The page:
The Senate Finance Committee voted today on two amendments which attempted to insert a public option into its health care bill. Both amendments failed. The first amendment, sponsored by Sen. Jay Rockefeller, would have benchmarked the public option to Medicare rates. That amendment failed 15-8, with all Republicans joining Democrats Max Baucus, Kent Conrad, Bill Nelson, Tom Carper and Blanche Lincoln in opposition. The second amendment, a version sponsored by Chuck Schumer that would have created a level playing field for the public option, failed 13-10, with Carper and Nelson voting in favor but Lincoln, Baucus and Conrad remaining opposed.
The overall margins are probably about what we might have anticipated going in, but some of the individual votes were surprising. Baucus, who had told his constituents that he wanted a public option, voted against it, as did the waffling Lincoln. But Carper, who had suggested that he’d only vote for a public option with a trigger, supported Schumer’s version, which did not include a trigger, as did another fence-sitter, Bill Nelson, who had made similar statements.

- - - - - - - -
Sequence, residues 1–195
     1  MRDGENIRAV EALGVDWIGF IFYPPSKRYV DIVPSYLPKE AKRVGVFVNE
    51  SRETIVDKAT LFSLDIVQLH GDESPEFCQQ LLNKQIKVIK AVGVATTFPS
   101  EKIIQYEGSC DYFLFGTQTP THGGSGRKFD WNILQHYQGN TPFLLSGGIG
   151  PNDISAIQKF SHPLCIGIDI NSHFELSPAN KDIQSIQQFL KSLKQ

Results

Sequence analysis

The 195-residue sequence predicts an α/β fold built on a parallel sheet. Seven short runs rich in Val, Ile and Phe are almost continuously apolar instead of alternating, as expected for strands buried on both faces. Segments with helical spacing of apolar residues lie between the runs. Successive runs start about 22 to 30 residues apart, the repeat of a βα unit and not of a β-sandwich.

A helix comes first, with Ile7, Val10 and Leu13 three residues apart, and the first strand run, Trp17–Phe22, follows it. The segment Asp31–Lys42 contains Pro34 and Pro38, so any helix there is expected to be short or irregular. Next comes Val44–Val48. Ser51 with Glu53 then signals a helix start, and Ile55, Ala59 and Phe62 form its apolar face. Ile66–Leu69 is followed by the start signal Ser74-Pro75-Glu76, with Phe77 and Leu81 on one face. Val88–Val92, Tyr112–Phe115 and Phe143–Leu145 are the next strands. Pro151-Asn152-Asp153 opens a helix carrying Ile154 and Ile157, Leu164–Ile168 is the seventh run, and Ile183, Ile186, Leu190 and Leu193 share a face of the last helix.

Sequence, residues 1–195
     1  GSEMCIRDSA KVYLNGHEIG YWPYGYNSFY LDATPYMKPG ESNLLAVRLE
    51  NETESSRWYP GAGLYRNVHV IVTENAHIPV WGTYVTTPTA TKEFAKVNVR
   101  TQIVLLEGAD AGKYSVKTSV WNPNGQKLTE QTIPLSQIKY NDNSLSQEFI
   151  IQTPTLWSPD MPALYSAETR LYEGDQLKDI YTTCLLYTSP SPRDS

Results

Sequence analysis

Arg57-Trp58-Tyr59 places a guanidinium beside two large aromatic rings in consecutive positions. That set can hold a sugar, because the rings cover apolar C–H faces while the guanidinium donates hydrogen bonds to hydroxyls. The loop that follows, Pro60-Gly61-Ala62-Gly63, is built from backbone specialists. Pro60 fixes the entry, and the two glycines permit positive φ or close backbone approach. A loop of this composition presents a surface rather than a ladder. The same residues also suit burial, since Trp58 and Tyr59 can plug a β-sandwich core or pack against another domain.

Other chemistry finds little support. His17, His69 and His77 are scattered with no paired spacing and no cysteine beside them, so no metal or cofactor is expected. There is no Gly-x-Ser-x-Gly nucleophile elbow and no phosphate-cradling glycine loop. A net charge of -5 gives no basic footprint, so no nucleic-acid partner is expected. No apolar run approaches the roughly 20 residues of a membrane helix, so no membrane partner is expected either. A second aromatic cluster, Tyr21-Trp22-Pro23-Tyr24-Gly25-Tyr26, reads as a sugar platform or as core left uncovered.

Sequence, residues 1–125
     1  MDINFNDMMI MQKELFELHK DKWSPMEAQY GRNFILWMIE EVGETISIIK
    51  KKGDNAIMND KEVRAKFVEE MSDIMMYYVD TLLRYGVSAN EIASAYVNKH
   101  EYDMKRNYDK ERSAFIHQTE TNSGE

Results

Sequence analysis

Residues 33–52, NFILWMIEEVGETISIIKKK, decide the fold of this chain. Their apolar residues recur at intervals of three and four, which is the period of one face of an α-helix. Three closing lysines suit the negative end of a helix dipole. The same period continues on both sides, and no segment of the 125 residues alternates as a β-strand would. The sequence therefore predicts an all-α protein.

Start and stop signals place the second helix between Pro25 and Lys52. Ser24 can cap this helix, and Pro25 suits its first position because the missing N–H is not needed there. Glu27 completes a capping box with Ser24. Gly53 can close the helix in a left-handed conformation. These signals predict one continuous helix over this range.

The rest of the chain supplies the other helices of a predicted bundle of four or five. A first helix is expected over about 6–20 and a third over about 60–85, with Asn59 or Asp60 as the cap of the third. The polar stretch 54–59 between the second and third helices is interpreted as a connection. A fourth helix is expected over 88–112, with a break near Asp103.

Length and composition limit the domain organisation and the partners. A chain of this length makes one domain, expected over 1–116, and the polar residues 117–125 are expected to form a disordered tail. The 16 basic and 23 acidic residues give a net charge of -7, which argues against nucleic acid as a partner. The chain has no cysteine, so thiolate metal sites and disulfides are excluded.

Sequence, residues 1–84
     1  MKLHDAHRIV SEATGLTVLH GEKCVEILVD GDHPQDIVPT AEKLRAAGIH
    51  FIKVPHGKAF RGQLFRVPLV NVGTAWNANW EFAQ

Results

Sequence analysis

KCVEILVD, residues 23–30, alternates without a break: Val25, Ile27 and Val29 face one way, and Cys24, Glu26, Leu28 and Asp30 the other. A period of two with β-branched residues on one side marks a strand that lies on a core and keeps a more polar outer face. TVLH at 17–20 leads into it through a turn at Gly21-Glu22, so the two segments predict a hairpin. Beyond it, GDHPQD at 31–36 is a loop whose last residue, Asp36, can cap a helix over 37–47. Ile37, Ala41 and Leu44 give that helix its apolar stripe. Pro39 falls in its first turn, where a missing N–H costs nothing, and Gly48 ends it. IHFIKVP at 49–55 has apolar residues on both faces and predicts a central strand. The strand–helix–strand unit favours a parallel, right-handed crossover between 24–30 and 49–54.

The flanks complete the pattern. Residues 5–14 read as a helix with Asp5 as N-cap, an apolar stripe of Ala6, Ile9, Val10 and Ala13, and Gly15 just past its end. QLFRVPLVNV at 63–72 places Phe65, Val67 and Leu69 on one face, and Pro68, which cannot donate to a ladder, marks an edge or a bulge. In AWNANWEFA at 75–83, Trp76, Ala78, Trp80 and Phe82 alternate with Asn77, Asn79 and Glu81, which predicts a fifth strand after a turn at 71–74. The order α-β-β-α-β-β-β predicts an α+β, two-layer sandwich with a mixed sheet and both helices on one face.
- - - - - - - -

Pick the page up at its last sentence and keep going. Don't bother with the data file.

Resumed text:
Here are a couple of relatively self-evident things I think we can conclude from these votes:
1) A “robust” public option like Rockefeller’s, which sets reimbursement at Medicare plus five percent and lacks a trigger, almost certainly will not pass the Senate. That this version of the public option failed to obtain any of the five or six plausible “swing votes” suggests that it probably wouldn’t receive the support of more than about 47-48 members of the chamber.
2) A weak public option may still get 50 votes in the Senate, although it almost certainly won’t get 60. There are still plenty of reasonable whip counts under which you can get into the range of 50-53 votes for a weak public option. It is not clear, however, whether 50 votes or 60 votes will ultimately be required for the inclusion of a public option; this may very much be up to Harry Reid and the floor leadership.
3) Preventing the public option from charging Medicare rates may weaken it as much as adding a trigger. Nelson and Carper, who had indicated they’d support a public option only if it included a trigger, voted for the trigger-less version from Schmuer. This may reflect a point I had made a couple of weeks ago: it’s not clear to me that a Schumer-type public option which lacks a trigger but must abide by “level playing field” provisions is any better than one that contains a trigger but could charge Medicare rates if it were enacted.